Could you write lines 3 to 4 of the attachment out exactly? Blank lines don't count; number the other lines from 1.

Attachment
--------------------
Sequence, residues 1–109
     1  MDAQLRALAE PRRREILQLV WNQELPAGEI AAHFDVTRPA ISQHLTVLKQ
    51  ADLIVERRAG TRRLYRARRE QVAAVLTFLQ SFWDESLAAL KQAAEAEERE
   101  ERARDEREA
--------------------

    51  ADLIVERRAG TRRLYRARRE QVAAVLTFLQ SFWDESLAAL KQAAEAEERE
   101  ERARDEREA